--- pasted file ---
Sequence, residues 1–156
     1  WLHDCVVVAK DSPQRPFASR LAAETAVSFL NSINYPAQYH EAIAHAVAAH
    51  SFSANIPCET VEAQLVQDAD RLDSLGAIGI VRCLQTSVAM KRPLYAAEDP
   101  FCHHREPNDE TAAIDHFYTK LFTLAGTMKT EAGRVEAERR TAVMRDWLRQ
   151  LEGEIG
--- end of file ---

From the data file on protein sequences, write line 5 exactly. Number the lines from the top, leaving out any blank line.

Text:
   151  LEGEIG